A new study featured in the journal Global Change Biology reveals how lizards in the United States have adapted to avoid fire ants.
Christopher Thawley, a graduate student at Pennsylvania State University and one of the initiators of the study, said the researchers looked at three separate characteristics of eastern fence lizards from 13 locations, Penn State News reported.
According to the study, lizards in areas where fire ants are present act differently from those in areas without fire ants. Those in fire-ant-free environments usually sit still and utilize their color to blend in with their surrounding environment as camouflage, which is most effective when facing their natural predators.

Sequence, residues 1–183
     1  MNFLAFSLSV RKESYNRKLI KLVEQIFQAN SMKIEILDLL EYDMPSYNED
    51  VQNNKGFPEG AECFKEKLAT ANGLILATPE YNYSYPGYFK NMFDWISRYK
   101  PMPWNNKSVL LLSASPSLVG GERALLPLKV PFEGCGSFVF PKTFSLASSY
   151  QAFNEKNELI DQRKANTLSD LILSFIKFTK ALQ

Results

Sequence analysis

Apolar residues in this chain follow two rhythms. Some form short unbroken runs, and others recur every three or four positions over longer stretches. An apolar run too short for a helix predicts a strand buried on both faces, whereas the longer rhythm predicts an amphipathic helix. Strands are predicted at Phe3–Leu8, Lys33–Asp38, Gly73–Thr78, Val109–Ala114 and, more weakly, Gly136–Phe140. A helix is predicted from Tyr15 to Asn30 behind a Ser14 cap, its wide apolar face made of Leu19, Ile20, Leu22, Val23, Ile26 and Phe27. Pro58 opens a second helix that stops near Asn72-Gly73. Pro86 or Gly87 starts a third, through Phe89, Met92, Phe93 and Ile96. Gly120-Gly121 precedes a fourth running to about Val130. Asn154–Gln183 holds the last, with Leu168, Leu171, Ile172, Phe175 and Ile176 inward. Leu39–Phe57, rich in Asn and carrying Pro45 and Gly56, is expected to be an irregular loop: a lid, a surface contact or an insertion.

However, in areas where fire ants are present, that same strategy proves to be futile, as the fire ants attack in swarms. Instead, lizards are likelier to respond like humans: They move their bodies and hind legs to remove any ants and flee from the ant swarms.
Also, it was also pointed out that lizards in ant-free areas had shorter hind limbs than those in ant-present areas. The longer hind limbs allow lizards to flee ant swarms faster. This part of the study suggests that environmental changes can push animals off their natural course of growth for a new set of traits.